The ancient wishing well of Germering3 min read
In the Bavarian village of Germering, just west of Munich, Southern Germany, archaeologists have excavated about 70 wells dating from the Bronze Age to the early Middle Ages, but one stood out clearly from the rest.
And this was not only due to the exceptionally good condition of this well, but also to the unusual items it contained: 26 bronze clothing pins, metal spirals, an animal tooth pendant with metal decorations and more than 70 intact clay pots.
This wooden water point is dated to be more than 3000 years old and reached particularly deep into the ground compared to others.
The earthenware pots are not simple, everyday tableware, as they feature detailed decoration and are therefore reminiscent of the type of ceramics that were used as burial gifts in the Middle Bronze Age (ca. 1800-1200 BCE).
In addition, many of the pots are still largely intact, which is remarkable given that the well was about 5 meters deep.
Combined with the quantity and high quality of the artifacts, this indicates that the objects were not ‘just’ thrown into the well.
Rather, they seem to have been placed in it with care and intention.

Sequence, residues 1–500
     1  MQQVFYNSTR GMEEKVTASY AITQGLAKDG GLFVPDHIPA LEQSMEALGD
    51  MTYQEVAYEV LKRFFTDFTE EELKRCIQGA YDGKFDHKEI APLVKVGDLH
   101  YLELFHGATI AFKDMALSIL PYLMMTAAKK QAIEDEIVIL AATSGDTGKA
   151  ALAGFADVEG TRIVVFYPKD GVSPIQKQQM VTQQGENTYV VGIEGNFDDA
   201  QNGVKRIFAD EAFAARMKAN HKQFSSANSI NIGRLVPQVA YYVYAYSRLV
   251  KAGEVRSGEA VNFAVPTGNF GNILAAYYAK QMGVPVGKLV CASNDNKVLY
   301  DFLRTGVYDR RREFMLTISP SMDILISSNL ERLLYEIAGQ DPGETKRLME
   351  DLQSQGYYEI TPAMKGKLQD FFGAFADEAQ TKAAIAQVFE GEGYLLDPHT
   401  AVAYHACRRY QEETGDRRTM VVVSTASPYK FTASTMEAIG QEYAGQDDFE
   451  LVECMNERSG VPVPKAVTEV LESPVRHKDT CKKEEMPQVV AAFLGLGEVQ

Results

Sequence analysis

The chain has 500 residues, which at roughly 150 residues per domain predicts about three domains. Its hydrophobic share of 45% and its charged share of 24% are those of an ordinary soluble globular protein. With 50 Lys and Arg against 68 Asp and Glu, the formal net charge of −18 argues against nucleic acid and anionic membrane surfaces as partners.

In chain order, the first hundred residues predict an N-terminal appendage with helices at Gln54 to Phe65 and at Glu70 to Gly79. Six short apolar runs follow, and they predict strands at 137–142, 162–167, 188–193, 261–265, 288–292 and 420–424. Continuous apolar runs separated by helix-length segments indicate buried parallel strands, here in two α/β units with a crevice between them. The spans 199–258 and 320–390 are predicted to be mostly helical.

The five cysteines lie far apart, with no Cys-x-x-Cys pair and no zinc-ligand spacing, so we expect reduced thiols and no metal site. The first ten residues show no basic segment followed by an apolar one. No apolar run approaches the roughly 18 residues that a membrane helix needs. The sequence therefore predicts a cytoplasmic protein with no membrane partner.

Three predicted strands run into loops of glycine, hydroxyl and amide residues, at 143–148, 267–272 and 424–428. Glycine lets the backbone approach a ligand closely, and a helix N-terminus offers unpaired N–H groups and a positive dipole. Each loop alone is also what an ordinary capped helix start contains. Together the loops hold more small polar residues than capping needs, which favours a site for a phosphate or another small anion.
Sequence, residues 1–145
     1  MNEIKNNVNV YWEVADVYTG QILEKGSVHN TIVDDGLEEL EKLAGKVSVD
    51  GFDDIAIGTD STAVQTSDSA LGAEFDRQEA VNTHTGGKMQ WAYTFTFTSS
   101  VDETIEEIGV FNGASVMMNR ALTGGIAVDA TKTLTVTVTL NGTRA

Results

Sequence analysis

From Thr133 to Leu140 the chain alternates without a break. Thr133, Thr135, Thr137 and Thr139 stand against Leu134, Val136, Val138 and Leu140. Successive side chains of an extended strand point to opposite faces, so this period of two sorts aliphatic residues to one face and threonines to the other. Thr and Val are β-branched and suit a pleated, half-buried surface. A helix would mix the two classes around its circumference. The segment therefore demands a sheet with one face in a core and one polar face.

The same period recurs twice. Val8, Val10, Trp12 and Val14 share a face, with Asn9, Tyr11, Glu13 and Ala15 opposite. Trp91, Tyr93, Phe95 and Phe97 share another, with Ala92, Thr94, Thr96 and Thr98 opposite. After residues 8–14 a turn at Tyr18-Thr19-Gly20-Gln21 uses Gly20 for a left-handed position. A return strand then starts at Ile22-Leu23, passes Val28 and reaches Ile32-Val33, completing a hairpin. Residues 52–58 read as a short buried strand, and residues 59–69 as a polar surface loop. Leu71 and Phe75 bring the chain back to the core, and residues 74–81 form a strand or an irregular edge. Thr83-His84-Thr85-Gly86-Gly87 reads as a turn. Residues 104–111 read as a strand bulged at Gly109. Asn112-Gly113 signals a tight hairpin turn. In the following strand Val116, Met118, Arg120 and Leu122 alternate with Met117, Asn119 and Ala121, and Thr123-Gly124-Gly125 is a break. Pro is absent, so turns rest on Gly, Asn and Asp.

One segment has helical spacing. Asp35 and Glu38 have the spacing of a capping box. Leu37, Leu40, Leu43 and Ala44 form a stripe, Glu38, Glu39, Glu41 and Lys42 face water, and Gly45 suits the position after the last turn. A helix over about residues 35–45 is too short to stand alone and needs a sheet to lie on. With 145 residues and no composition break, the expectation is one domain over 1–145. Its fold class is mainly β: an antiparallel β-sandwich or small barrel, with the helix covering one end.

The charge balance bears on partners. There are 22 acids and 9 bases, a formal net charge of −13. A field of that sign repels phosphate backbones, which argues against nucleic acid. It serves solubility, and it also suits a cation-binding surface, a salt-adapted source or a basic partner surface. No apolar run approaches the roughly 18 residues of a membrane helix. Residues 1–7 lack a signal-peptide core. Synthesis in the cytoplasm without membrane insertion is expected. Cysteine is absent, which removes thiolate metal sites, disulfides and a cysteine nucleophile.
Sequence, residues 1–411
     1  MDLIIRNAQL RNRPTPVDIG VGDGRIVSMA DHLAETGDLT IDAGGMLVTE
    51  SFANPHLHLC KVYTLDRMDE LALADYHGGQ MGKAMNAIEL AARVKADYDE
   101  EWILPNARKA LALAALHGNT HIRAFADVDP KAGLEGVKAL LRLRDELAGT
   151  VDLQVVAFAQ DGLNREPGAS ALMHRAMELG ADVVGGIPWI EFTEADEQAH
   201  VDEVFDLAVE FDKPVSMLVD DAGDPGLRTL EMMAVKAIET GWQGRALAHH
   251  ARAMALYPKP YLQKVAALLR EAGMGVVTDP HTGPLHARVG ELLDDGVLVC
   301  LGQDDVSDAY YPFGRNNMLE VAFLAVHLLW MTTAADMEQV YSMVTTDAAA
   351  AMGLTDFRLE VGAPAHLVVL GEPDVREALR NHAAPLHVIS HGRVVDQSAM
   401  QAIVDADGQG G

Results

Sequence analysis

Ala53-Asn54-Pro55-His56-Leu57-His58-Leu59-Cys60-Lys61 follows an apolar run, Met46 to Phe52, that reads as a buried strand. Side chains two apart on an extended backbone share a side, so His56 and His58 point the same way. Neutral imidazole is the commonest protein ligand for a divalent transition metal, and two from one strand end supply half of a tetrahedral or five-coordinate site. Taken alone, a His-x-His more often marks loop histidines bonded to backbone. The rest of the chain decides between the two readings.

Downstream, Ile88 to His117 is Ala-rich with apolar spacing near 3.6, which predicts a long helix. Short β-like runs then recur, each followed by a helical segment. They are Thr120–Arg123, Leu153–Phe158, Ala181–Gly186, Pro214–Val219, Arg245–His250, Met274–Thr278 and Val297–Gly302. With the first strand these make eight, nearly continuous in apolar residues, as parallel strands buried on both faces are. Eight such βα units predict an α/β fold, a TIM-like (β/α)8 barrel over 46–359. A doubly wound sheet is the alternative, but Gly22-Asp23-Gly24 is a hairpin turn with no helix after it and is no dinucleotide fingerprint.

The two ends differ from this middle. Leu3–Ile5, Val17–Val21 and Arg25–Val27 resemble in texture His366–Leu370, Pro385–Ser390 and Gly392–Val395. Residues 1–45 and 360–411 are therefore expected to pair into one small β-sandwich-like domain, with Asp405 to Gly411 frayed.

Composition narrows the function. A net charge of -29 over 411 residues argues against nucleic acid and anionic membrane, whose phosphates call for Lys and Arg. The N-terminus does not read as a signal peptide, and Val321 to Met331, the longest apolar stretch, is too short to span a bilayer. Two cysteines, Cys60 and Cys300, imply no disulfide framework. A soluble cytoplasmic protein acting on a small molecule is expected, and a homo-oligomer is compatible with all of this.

The archaeologists therefore conclude that this well was not only used to collect water, but that it also served as a wishing well.
The most obvious is that the wishing well was intended to be used to place offerings for a good harvest, a theory that also closely matches what archaeologists have discovered about the area.
Earlier archaeological research shows that people have been farming in the area around Germering for more than 4,000 years. The area of today’s town in Upper Bavaria was a settlement area early on, and numerous finds from prehistory and early history bear witness to this.
However, analysis of the pit’s sediments showed that groundwater had dropped significantly 3,000 years ago, about the same time period when the artifacts were placed in the pit.
The archaeologists therefore suspect that there was a long drought in the area at the time, resulting in poor harvests and hunger.
This probably inspired people from the surrounding communities to sacrifice so many valuable artifacts into the pit.
Either way wishing wells have been a staple of European folklore since prehistoric times.
Usually, the magical mechanism of wishing wells was activated by people throwing gold coins into them in the hope of granting a wish, a tradition that is still maintained today.
In fact, still today, fountains have something magical about them for many people who drop coins in the hope that their wishes will be granted.
While superstition claims it is potentially lucky to throw a coin in a well, in some version of the story the manifestation of one’s wish depends on how the coin lands.
Generally, when a tossed coin lands heads up, the divine guardian of the well would grant the wish, while tails up coins are ignored.
However, stripping back all of the magic, many archaeologists believe that ancient people had unwittingly discovered the biocidal properties of both copper and silver.
In fact, in sufficient quantities these two metals, that are traditionally used in coins, can make impure water safer to drink, thus, more “fortunate”….
Images from web – Google Research